(And for those among you with access to technological wizardry, there's even a space-fighter training app to go with the book, which you can download free from i-tunes here or Play here). 




Cecilia Busby writes fantasy adventures for children aged 7-12 as C.J. Busby. Her latest book, Dragon Amber, was published in September by Templar.





"Great fun - made me chortle!" (Diana Wynne Jones on Frogspell)

"A rift-hoping romp with great wit, charm and pace" (Frances Hardinge on Deep Amber)



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Sunday, 15 February 2015

Marsh Road Mysteries: Diamonds And Daggers, by Elen Caldecott. Reviewed by Saviour Pirotta

Title: Marsh Road Mysteries: Diamonds And Daggers
Author: Elen Caldecott
Publisher: Bloomsbury
Publication date: 5 February 2015


I have always loved a good detective story and, as a child, read Enid Blyton and Malcolm Saville's various whodunnits several times over. It wasn't just the sleuthing that attracted me to these books but also the caramaderie of the participants and the feeling that, by reading the stories, I became an unofficial member of the club.

Elen Caldecott's first book in The Marsh Road Mysteries series evokes the same strong feelings but brings a sassy and urban vibe to the genre. Here are five juvenile detectives that reflect the socio-cultural zeitgeist: Piotr, Minnie, Flora, Andrew and Sylvie.  They live in an inncer-city environment of shops, cafes, markets stalls, lock-ups  - and a theatre.  It's the theatre that provides the backdrop to their first adventure.

A world-megastar called Betty Massino has come to Marsh Road to star in a play. A thief makes off with her hugely expensive diamond necklace and Piotr's dad, who works as the security manager at the theatre, is the main suspect. He's so distraught by the accusation that he decides to take his family back to Poland. Which means that the fabulous five have a very short time frame in which to find the real cuplrit and prove his innocence.

The story is a breathless pageturner with an ending that will have you cheking amazon to find when the next installment of the Marsh Road Mysteries is due.

Reviewed by Saviour Pirotta

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Wednesday, 11 February 2015

Trouble on Cable Street, by Joan Lingard: reviewed by Sue Purkiss

Anyone who was teaching English in the late 70s/early 80s - and probably after that - will remember the name of Joan Lingard. She wrote Across the Barricades, a sort of Romeo and Juliet set in Belfast during the Troubles. Kevin is Catholic and Sadie is Protestant: they really shouldn't fall in love, but they do. It worked really well in schools: the story was gripping, it dealt with emotions deeply relevant to teenagers, and there was lots to discuss and tease out - so thank you for that, Joan Lingard!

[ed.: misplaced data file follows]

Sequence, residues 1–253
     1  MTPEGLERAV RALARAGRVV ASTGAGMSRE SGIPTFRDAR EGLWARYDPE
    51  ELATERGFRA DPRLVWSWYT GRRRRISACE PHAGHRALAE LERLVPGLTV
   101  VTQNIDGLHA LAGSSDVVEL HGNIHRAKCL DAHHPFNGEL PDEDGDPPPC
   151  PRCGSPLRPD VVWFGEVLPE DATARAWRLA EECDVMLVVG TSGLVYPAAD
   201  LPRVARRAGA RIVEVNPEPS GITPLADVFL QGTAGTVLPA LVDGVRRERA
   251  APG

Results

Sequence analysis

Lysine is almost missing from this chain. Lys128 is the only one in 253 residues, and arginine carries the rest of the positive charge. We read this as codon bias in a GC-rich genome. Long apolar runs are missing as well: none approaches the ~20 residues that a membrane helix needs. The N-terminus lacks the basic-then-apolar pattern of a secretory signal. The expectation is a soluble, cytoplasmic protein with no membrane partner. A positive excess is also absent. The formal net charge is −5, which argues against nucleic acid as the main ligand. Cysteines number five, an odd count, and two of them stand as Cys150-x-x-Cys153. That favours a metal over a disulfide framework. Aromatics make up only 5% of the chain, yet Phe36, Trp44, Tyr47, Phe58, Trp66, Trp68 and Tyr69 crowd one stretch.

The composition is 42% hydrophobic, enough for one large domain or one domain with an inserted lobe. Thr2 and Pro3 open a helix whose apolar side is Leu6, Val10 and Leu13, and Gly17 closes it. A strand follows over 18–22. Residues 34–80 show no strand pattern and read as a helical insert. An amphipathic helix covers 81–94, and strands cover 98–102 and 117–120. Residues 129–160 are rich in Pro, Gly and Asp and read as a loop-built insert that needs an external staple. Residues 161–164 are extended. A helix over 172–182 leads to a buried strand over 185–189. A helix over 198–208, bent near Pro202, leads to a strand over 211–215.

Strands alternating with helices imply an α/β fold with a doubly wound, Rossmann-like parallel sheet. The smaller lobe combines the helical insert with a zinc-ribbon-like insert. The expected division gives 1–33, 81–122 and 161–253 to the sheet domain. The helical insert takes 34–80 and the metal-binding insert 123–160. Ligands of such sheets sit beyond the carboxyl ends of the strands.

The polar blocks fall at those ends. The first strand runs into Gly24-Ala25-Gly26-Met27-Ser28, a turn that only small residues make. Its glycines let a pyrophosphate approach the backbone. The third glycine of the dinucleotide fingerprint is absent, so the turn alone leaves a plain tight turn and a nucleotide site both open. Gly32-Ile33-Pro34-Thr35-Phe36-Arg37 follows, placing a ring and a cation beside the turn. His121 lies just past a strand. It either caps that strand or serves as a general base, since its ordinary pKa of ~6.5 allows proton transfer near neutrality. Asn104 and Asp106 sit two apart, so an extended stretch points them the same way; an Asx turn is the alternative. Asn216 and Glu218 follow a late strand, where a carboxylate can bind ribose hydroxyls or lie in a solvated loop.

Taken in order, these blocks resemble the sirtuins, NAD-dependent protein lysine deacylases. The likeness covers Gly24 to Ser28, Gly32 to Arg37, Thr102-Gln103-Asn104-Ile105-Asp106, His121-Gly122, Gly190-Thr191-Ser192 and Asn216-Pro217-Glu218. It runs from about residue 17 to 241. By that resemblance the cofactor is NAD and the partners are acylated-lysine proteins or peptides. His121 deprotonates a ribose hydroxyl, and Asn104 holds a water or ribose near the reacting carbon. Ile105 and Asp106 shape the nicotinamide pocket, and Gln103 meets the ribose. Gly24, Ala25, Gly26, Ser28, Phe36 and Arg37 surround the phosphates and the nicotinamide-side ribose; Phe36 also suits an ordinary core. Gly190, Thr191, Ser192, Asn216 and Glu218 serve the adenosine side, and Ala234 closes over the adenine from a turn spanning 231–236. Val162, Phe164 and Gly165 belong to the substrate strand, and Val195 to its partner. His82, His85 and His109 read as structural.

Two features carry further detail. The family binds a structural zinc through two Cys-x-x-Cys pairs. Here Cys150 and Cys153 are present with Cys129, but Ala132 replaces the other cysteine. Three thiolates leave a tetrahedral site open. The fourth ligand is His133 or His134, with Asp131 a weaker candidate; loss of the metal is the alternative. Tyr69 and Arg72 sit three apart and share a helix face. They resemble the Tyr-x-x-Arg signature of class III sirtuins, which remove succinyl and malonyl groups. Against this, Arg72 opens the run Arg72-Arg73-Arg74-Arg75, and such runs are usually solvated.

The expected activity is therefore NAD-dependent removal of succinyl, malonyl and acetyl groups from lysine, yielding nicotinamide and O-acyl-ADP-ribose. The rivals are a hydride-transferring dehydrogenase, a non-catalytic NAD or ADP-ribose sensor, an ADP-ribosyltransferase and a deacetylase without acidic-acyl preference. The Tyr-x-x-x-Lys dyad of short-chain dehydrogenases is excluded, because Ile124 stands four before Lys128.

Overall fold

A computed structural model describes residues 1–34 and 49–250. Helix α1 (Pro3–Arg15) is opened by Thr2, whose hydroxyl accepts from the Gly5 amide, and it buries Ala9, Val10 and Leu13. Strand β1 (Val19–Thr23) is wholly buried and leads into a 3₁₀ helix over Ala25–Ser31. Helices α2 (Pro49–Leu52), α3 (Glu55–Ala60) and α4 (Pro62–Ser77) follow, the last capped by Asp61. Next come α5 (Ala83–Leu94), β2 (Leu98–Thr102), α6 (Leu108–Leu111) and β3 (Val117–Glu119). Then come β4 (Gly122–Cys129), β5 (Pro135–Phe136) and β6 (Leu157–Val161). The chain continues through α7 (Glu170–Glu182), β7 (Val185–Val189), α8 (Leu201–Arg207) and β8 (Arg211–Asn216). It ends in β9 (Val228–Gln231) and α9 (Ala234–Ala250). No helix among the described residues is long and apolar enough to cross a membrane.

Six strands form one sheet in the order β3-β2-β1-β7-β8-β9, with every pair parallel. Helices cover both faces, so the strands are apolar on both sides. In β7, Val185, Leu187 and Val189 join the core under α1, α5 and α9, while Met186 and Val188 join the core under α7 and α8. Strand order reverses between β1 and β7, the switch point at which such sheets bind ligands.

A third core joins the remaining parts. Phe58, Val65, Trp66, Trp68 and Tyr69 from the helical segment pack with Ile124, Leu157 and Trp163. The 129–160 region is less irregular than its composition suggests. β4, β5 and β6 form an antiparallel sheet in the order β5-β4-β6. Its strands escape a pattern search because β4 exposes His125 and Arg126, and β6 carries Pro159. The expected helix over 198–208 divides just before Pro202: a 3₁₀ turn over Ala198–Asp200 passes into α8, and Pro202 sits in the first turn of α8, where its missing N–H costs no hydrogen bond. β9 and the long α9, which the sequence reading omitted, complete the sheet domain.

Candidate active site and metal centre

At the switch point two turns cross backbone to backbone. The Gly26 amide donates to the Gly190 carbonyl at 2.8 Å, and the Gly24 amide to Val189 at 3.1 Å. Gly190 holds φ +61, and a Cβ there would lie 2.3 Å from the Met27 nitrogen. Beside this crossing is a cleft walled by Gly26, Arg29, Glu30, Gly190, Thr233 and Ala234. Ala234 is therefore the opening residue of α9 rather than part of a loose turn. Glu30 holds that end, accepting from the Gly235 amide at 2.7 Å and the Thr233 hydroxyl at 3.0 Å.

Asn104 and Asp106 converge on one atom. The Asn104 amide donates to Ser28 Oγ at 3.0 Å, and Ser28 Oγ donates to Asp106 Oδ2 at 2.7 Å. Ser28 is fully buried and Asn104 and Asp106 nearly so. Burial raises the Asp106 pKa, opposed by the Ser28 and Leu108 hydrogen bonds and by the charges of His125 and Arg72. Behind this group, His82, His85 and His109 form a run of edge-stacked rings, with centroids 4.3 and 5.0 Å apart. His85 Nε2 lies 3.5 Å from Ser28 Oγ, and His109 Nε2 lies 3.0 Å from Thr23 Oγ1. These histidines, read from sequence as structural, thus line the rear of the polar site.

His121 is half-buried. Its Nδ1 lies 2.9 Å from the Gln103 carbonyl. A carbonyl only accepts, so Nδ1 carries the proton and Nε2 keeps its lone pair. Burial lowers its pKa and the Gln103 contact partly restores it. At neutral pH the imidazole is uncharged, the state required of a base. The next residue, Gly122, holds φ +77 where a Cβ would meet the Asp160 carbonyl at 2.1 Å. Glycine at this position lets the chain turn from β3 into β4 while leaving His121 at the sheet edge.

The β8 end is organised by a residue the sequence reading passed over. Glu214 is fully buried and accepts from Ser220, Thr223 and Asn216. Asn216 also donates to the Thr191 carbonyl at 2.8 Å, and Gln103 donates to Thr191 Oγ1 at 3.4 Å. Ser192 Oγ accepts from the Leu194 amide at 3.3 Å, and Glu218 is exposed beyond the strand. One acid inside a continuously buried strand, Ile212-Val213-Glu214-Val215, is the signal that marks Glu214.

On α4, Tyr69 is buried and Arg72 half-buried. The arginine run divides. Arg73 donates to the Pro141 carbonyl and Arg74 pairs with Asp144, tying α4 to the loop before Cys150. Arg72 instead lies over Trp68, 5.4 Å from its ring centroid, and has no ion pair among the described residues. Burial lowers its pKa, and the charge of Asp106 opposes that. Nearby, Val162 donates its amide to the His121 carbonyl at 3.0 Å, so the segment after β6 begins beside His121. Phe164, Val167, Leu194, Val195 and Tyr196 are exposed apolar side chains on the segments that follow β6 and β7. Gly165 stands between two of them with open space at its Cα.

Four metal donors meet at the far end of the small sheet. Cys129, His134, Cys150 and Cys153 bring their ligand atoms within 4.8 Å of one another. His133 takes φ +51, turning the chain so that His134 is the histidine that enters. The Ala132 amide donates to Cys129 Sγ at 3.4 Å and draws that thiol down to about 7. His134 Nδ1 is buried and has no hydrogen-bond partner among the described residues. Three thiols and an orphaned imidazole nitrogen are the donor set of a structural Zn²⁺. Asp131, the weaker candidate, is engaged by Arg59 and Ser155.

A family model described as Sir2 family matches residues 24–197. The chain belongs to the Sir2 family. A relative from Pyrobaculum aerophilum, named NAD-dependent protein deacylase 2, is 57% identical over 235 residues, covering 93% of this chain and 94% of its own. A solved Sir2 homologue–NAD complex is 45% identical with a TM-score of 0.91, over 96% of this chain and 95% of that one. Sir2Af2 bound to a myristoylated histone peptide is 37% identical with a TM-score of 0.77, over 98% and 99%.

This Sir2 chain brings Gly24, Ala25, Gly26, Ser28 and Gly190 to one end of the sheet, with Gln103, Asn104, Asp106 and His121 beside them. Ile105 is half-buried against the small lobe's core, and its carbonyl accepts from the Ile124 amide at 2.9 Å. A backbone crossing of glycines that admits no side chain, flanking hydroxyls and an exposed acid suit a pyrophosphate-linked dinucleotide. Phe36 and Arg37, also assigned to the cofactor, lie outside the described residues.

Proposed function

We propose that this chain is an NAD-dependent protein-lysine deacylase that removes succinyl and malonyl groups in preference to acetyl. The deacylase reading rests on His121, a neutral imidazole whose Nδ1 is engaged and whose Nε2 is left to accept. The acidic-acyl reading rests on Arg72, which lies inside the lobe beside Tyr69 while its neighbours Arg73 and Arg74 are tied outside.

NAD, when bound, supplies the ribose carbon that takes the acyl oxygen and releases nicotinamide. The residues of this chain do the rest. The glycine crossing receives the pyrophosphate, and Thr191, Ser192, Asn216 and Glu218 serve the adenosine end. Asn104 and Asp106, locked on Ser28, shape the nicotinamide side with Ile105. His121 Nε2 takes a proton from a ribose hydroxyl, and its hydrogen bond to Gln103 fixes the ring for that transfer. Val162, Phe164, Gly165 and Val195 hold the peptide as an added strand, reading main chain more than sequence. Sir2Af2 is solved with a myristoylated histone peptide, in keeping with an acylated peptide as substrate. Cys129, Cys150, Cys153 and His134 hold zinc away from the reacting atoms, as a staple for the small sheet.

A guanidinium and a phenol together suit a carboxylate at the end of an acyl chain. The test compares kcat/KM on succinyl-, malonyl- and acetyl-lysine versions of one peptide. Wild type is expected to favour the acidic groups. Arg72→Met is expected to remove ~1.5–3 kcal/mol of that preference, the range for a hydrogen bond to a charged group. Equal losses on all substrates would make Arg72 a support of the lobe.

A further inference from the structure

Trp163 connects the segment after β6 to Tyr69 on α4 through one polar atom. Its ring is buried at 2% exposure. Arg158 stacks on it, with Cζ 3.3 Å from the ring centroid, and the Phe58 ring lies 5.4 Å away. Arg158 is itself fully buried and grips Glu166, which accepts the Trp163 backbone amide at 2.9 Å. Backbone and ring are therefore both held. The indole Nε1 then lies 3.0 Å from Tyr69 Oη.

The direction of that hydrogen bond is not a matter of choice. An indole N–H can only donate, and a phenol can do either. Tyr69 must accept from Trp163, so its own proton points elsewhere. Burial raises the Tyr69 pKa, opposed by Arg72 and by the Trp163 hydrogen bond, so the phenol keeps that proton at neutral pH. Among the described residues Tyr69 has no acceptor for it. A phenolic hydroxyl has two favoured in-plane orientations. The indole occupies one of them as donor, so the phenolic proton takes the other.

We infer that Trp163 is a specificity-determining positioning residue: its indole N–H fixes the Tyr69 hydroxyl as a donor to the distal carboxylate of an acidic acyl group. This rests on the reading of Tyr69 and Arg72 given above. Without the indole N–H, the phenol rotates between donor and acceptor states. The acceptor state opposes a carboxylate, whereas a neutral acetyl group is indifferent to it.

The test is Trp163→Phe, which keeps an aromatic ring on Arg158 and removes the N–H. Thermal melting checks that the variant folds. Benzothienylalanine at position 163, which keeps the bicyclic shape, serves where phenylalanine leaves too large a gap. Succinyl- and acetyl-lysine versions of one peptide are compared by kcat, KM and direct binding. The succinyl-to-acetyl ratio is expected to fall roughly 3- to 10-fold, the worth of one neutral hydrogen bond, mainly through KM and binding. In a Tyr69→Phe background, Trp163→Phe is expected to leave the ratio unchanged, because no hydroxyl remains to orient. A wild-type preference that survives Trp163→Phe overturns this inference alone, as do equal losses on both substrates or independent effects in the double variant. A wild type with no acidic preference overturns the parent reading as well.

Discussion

She is still writing, and her latest book is set in the east end of London in 1936. It's an unusual combination; from Dickens on, there have been lots of books set in Victorian London featuring the lives of the working class, and there are plenty set against the background of the Blitz - but I can't think of many set in this particular time and place. Trouble on Cable Street concerns Isabella, whose mother is Spanish. She has two brothers. One has chosen to fight in the Spanish Civil War for the Republicans: the other, by contrast, is attracted by Oswald Mosley's increasingly powerful Fascist movement in London.

The story sheds an interesting light on a turbulent and not particularly well-known period. We know now that fascism in England was a dead end; but it's important to remember that they didn't know that at the time. It must have been very frightening to see the Blackshirts marching through the streets and to witness the riots and the rabble-rousing speeches, particularly if, like Isabella, your mother was a foreigner and you worked for a Jewish factory owner. Isabella senses for herself the charismatic power of fascism in the person of her brother Arthur's friend, Rupert; she distrusts him, but she sees his power - and his good looks. The people she loves are in very real danger, from several different directions. By the end, no-one is left unscarred. 

The book tells us a great deal about the political state of Europe in the years leading up to the war, and it makes us feel what it must have been like to be on the streets of London in the path of a fascist demonstration. It also resonates with the present climate, where extremists whip up hatred, immigrants provide easy scapegoats, and cities have once again been scarred by riots. But at the centre of it is Isabella, strong and warm-hearted, who must negotiate a path through the danger and uncertainty and decide, as we all must do, where to place her trust and her love.

(This review first appeared on my own blog, A Fool on a Hill.)